If $T_n$ go to infinity as $n \to \infty$, then it is a standard exercise to verify that $\tilde X_t$ is a continuous-time Markov chain (and this is exactly how these are introduced in some textbooks; I do not have a reference off the top of my head, though). Thus, we need to verify that indeed $T_n \to \infty$ as $n \to \infty$.

This is true in greater generality: if the overall transition rate of positive jumps, $$\sum_{m > n} \tilde Q(n, m),$$ is bounded as $n \to \infty$. Perhaps there is a neat, single-line argument for that. A somewhat involved proof goes roughly as follows.

Let $n_1 < n_2 < \ldots$ be the enumeration of all positive jumps of $Z_n$, that is, all $n$ such that $Z_n > Z_{n-1}$. Then it is a nice (but rather technical) exercise to see that $T_{n_{j+1}} - T_{n_j}$ (the waiting time for a positive jump of $\tilde X_t$) is exponentially distributed, with mean $(\sum_{k = 1}^\infty \lambda_k)^{-1}$. (Note that in the more general situation described above, $T_{n_{j+1}} - T_{n_j}$ is no longer exponentially distributed, but it is bounded from below by some exponentially distributed random variable with a fixed mean). Therefore, $$ \lim_{n \to \infty} T_n = \sum_{j = 0}^\infty (T_{n_{j+1}} - T_{n_j}) = \infty $$ almost surely, as desired.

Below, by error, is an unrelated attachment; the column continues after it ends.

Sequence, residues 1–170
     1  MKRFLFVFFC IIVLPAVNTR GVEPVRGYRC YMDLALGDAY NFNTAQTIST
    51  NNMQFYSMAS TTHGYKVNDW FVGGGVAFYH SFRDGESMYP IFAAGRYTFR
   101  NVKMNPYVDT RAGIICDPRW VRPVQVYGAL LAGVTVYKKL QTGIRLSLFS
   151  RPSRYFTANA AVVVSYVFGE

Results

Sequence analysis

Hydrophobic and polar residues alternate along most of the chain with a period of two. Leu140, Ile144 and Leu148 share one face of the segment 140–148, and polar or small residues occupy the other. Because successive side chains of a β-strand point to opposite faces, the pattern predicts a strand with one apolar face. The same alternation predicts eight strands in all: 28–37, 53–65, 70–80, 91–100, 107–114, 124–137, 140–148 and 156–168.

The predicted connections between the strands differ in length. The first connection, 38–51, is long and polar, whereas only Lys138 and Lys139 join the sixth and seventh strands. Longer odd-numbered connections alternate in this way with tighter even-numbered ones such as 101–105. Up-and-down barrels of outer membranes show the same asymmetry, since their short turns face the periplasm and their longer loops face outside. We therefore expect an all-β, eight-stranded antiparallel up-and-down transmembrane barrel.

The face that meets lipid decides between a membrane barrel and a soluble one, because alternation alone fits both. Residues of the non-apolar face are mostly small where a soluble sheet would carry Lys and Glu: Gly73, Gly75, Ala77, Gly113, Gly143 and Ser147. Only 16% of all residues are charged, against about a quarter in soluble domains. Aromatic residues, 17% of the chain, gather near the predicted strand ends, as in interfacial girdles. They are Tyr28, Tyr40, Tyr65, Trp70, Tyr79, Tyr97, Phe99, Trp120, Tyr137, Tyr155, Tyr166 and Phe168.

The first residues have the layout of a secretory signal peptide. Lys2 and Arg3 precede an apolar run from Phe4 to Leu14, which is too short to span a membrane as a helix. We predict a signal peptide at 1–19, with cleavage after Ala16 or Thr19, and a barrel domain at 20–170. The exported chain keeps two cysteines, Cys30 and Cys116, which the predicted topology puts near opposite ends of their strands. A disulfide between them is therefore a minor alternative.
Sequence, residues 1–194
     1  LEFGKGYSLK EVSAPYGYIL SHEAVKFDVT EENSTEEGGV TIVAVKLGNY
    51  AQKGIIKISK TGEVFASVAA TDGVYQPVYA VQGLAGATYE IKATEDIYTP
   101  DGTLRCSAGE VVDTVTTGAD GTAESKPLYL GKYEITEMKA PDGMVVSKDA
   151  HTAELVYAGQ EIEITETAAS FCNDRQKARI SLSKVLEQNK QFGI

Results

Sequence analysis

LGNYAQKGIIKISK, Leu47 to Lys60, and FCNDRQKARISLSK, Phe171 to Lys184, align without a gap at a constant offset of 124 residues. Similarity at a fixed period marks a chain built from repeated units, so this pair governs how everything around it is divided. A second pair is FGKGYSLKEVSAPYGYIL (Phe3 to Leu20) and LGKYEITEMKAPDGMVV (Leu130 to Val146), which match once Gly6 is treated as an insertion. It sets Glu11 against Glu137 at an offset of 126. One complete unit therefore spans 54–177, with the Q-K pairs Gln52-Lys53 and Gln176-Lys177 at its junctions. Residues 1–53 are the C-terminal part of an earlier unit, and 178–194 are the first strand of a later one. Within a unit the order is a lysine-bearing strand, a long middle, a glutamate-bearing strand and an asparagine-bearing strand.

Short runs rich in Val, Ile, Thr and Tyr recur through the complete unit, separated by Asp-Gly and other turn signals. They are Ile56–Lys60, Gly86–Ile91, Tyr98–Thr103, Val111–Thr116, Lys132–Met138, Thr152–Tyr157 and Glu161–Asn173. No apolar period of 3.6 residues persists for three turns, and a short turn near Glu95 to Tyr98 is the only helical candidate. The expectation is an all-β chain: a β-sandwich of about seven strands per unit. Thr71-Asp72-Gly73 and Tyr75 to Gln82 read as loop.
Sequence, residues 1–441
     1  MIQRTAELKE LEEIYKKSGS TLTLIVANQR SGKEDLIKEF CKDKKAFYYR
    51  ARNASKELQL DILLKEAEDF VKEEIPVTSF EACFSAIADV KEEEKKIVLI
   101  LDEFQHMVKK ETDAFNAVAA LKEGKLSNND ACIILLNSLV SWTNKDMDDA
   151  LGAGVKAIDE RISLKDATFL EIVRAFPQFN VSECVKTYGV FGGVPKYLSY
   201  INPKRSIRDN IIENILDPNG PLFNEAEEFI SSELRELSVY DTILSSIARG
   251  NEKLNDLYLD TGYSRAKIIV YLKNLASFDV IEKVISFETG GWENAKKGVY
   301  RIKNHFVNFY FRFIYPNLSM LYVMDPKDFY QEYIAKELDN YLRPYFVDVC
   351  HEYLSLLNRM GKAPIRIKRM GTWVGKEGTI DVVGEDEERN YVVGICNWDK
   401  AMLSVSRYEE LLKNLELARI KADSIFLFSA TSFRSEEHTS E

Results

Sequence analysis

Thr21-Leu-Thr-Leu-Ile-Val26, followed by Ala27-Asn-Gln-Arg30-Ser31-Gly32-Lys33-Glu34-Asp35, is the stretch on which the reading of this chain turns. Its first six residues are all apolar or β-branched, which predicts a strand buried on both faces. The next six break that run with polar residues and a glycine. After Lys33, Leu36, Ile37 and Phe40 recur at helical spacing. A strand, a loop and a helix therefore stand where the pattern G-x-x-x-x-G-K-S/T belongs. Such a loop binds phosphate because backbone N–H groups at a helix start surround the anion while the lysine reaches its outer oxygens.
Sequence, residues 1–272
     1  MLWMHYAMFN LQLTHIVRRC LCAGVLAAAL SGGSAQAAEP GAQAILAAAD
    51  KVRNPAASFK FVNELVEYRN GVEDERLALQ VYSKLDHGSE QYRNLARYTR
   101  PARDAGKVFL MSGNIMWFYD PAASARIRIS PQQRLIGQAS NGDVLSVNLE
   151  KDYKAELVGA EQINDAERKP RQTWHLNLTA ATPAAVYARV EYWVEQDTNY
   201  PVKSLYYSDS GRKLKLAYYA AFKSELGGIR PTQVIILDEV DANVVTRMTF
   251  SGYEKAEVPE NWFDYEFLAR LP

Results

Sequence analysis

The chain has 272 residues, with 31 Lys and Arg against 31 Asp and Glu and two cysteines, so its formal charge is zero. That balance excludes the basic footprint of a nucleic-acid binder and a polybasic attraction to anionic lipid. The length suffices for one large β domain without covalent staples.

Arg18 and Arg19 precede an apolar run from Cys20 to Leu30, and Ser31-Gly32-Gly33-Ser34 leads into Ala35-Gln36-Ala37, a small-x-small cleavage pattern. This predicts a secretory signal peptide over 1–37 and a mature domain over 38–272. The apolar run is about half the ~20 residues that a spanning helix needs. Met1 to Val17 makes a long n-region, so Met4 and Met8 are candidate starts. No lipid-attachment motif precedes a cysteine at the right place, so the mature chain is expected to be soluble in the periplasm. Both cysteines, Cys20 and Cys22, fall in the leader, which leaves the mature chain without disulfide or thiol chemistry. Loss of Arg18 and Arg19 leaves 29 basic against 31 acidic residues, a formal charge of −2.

• $\begingroup$ Why is the problem ill-posed if $\lambda_k$ is not summable? I don't see how. $\endgroup$ Commented Jun 5, 2020 at 14:08
  • $\begingroup$ And could you elaborate on why $\tilde Q$ corresponds to a unique conservative continuous-time Markov chain if $\lambda_k$ is summable? $\endgroup$ Commented Jun 5, 2020 at 14:22
  • $\begingroup$ @xFioraMstr18: The holding time at $n$ is exponential with mean $(\sum_{m\ne n} Q(n,m))^{-1}$. Regarding the other question: if $\lambda_k$ and $\mu_k$ are summable, then the holding time of $\tilde{X}_t$ at any state $n$ has mean greater than a constant, and so the usual construction of a continuous-time Markov chain can be applied. If $\mu_k$ are not summable, the construction is more involved: essentially one shows that the exit times from $\{1, 2, \ldots, N\}$ diverge to infinity as $N \to \infty$. Unfortunately I do not have enough time now to elaborate. $\endgroup$ Commented Jun 5, 2020 at 14:29
  • $\begingroup$ Okay, thanks! And if in the future you could return to elaborate further (if you are compelled), I would greatly appreciate it. $\endgroup$ Commented Jun 5, 2020 at 14:47